FIVE THINGS THAT CAN HELP KIDS GET AHEAD

Your Baby & Toddler - - Features -

#1 READ TO THEM FROM BIRTH You don’t need to wait un­til your baby mas­ters his first words: research shows that read­ing to ba­bies in early in­fancy gives them a kick­start when it comes to lan­guage, vo­cab­u­lary and read­ing skills. It not only fires up the part of the brain that’s be­hind speak­ing and read­ing, but it also stim­u­lates the area linked to men­tal im­agery, thus boost­ing imag­i­na­tion and the abil­ity to “see” the story in their head.

The early build­ing blocks for read­ing will do more than give them tools to tackle nov­els later on. By build­ing vo­cab­u­lary they are likely to un­der­stand the nu­ances and emo­tions wo­ven into the story, which will get them hooked on read­ing.

Try an in­ter­ac­tive ap­proach to read­ing with tod­dlers and young chil­dren who can­not read yet. They can look at il­lus­tra­tions, turn the pages by them­selves and lis­ten for changes in your voice. You can also ask them ques­tions as you go along, which tunes their lis­ten­ing and com­pre­hen­sion skills.

#2 GIVE THEM MU­SIC LES­SONS You may have heard that ex­pos­ing your child to clas­si­cal mu­sic in the womb and be­yond is ben­e­fi­cial, but sadly there is no real ev­i­dence that turn­ing up the Mozart will boost their brain­power. How­ever, en­cour­ag­ing them to learn a mu­si­cal in­stru­ment has proven re­wards. Research con­ducted at the Univer­sity of Lon­don showed that it ac­tu­ally de­vel­ops and grows the parts of a child’s brain that gives them the abil­ity to learn new words and their abil­ity to process them. Be­cause it teaches them to sep­a­rate out sounds and tones it also helps with read­ing. But there’s more… Learn­ing to play an in­stru­ment en­cour­ages cre­ativ­ity, builds self-es­teem, as­sists with math­e­mat­i­cal solv­ing skills and self-dis­ci­pline – all skills that will stand your child in good stead.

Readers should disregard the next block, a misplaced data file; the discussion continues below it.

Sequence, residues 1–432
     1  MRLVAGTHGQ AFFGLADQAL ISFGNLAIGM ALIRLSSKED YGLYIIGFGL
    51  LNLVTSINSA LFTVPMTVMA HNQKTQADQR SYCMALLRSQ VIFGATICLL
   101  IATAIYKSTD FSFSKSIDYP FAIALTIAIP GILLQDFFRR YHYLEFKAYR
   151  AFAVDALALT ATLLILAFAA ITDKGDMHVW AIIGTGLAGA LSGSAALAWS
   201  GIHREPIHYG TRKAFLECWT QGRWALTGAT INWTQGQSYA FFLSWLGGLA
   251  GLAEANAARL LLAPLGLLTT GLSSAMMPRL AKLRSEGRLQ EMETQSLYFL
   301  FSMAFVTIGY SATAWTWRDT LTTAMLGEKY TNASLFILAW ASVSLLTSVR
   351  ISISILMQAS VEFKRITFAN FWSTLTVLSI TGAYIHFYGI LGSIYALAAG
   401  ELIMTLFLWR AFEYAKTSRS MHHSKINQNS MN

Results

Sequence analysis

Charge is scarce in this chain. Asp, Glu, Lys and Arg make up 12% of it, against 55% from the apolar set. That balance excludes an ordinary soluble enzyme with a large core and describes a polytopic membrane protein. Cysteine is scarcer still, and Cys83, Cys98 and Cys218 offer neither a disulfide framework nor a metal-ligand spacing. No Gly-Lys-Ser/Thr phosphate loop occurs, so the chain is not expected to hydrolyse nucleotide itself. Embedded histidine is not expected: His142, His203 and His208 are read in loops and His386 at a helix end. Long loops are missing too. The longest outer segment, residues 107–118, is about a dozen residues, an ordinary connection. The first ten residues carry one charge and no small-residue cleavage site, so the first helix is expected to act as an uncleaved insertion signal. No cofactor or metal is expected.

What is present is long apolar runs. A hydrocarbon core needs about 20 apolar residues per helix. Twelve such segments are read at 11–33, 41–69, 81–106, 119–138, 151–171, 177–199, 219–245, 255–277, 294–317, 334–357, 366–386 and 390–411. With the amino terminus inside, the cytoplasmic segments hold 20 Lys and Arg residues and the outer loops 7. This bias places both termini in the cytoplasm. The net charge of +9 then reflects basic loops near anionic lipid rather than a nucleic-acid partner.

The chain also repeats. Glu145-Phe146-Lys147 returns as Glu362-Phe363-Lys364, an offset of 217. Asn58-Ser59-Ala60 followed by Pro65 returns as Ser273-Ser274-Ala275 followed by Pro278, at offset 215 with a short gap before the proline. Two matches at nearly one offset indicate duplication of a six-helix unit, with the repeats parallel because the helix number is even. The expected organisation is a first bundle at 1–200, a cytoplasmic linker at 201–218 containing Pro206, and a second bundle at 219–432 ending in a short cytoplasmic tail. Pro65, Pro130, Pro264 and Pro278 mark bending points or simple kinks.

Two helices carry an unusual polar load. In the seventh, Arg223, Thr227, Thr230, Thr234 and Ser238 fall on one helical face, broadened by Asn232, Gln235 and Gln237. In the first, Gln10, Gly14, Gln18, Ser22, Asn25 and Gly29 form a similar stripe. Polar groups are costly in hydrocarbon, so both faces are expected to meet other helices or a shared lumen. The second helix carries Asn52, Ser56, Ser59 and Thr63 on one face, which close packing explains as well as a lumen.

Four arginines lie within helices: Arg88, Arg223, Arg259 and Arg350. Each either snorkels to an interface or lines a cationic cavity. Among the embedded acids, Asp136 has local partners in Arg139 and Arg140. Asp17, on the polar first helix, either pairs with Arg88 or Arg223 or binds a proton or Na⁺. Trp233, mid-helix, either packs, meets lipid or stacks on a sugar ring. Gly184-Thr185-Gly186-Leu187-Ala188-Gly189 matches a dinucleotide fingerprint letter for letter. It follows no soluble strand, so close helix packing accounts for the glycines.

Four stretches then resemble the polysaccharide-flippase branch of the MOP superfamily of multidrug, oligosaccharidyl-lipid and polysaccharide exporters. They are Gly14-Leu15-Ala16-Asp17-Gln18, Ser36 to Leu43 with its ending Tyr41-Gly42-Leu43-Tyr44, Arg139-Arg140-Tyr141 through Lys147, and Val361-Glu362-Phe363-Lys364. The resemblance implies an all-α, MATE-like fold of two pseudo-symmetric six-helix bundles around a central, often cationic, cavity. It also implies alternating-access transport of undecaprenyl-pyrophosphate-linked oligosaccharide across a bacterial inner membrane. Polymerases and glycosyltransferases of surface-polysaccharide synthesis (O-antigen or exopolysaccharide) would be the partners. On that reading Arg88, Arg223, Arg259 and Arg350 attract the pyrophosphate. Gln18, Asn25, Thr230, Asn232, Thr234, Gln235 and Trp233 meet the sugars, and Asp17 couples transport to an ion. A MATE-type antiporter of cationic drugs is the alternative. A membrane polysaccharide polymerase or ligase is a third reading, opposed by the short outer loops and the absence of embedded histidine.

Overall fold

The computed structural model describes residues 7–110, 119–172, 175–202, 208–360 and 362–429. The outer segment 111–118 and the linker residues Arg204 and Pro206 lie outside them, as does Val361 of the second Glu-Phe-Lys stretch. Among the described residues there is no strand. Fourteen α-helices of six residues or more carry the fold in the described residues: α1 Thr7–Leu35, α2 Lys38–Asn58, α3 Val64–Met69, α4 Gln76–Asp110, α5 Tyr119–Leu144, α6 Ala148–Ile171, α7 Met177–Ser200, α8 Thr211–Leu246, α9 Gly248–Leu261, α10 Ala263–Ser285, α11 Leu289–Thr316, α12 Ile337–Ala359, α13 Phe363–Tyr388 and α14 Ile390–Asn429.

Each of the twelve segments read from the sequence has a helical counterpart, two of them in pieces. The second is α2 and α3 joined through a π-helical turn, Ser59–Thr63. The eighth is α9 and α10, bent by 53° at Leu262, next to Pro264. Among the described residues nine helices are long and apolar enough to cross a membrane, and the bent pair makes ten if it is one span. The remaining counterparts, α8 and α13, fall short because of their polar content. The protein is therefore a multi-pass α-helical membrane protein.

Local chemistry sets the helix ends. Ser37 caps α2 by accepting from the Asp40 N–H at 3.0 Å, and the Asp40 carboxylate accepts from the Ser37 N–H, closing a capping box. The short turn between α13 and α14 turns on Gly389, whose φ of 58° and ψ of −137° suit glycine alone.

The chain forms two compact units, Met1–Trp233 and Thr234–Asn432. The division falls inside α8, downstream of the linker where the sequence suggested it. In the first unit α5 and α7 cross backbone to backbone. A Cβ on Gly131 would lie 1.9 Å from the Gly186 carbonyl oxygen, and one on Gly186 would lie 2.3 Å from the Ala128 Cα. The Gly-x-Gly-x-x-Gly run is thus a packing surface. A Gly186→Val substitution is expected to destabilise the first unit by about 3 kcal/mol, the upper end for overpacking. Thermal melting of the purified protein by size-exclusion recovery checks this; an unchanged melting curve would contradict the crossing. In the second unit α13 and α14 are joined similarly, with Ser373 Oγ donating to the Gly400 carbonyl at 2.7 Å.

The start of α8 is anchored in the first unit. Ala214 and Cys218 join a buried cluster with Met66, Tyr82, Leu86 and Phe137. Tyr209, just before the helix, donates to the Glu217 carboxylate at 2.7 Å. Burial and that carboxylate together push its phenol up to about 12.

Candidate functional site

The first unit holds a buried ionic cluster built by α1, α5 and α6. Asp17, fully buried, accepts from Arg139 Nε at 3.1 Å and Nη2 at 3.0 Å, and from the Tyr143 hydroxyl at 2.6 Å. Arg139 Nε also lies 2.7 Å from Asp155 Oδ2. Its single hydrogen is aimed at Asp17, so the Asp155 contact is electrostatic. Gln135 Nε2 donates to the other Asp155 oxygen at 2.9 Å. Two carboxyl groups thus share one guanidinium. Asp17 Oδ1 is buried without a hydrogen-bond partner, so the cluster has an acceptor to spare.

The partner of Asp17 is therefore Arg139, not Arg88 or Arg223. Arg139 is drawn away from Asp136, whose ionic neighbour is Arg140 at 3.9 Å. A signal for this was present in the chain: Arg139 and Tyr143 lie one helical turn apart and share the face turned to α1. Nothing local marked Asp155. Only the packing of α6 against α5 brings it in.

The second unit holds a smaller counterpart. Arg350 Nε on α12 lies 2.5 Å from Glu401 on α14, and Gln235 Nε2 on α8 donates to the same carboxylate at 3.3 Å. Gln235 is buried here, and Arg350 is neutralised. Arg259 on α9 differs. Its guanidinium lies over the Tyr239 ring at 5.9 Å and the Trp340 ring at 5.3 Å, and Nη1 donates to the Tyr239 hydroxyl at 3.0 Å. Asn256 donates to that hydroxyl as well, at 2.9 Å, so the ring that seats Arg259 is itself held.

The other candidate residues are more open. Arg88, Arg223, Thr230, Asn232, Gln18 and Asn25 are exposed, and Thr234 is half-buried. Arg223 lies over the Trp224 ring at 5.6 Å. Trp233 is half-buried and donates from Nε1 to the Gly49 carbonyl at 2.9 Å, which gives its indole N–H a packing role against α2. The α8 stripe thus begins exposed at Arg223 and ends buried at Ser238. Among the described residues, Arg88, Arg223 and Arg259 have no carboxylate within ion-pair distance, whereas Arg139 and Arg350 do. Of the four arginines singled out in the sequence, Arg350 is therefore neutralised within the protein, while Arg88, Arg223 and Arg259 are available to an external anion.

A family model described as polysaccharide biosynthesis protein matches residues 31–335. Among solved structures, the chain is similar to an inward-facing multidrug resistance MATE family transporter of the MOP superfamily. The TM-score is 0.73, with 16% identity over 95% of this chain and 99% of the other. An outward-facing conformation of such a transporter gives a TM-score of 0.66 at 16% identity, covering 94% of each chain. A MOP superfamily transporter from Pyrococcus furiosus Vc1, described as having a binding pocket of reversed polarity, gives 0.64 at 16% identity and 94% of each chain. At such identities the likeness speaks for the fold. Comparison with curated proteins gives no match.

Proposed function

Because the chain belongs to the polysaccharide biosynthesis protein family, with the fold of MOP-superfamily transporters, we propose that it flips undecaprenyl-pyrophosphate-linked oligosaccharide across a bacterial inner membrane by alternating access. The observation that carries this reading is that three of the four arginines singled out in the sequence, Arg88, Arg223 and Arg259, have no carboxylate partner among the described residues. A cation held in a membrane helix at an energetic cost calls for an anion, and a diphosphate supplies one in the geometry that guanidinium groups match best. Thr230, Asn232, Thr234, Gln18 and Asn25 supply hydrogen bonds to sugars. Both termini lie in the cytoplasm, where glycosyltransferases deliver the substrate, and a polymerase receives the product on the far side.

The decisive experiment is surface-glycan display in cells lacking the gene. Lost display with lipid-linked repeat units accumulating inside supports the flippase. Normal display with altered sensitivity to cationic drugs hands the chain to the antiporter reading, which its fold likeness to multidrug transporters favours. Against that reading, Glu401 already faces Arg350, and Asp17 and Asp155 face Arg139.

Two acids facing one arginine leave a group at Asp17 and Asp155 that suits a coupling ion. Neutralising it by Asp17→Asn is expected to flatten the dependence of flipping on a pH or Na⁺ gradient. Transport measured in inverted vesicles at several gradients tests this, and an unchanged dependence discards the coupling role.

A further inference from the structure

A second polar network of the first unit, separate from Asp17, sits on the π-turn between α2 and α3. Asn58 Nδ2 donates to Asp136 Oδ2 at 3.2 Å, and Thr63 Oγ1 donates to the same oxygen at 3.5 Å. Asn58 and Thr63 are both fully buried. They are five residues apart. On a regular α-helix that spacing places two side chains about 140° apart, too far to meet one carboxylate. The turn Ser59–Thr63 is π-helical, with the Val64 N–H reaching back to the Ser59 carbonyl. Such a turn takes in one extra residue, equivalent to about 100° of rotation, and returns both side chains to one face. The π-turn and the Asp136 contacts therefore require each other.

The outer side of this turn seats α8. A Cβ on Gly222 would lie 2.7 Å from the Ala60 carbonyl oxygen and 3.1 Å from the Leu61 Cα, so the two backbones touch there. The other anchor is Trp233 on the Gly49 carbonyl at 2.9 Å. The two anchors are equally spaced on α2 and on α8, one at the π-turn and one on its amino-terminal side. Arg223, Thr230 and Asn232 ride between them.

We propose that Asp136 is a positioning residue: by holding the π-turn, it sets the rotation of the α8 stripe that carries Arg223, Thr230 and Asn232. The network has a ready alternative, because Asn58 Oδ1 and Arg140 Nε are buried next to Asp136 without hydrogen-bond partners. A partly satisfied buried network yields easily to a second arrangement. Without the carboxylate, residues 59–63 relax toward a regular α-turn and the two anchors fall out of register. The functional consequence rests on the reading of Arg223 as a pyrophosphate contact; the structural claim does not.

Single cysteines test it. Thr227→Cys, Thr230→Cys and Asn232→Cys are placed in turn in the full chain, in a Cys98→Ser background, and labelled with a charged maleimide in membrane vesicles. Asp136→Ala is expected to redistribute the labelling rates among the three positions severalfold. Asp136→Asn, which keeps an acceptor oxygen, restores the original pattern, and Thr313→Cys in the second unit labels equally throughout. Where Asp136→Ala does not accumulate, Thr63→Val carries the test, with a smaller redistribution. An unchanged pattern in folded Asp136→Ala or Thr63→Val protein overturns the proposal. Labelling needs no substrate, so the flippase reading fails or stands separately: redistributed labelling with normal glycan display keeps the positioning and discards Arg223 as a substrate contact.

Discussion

Jenni Mor­ri­son of Ju­nior Jive rec­om­mends start­ing off by singing to your baby. “In do­ing this you au­to­mat­i­cally use fa­cial ex­pres­sions and do ac­tions. In this way, you are de­vel­op­ing an emo­tional con­nec­tion with him or her, you are teach­ing so­cial skills, you are de­vel­op­ing lis­ten­ing skills and lan­guage skills, you are en­cour­ag­ing your baby to move his or her body with you – and you are teach­ing singing!

“I just love it when ba­bies start mov­ing their lit­tle bot­toms and legs when they hear a fa­mil­iar song – the con­nec­tion is there, and they are ex­press­ing it through move­ment,” she says.

Join­ing mu­sic and move­ment classes pro­vides ex­cel­lent op­por­tu­ni­ties to de­velop all the skills needed to play an in­stru­ment and also pro­vides op­por­tu­ni­ties to ex­plore dif­fer­ent per­cus­sion in­stru­ments. This is then a nat­u­ral way to in­tro­duce your child to a mu­si­cal in­stru­ment, says Jenni. “Once you see that your child has an un­der­stand­ing that the lit­tle squig­gles on the page when you read them a story are words, which you read and tell the story from, then they are ready to start be­ing in­tro­duced to the sym­bols of mu­sic no­ta­tion, read­ing mu­sic and trans­fer­ring the squig­gles to mak­ing mu­sic with an in­stru­ment,” she says.

“Also, be aware that chil­dren de­velop their gross mo­tor skills first be­fore de­vel­op­ing their fine mo­tor skills. Take into con­sid­er­a­tion your child’s mo­tor de­vel­op­ment when choos­ing an in­stru­ment to learn.”

#3 HELP THEM TO TOUGHEN UP Our kids are grow­ing up in an in­creas­ingly stress­ful world. Key traits you want to help them to de­velop to cope with the chal­lenges, says Paul Tough, au­thor of Help­ing Chil­dren Suc­ceed, are per­se­ver­ance, self-con­trol and op­ti­mism. These char­ac­ter­is­tics will help a child learn how to tackle a task and see it through from be­gin­ning to end.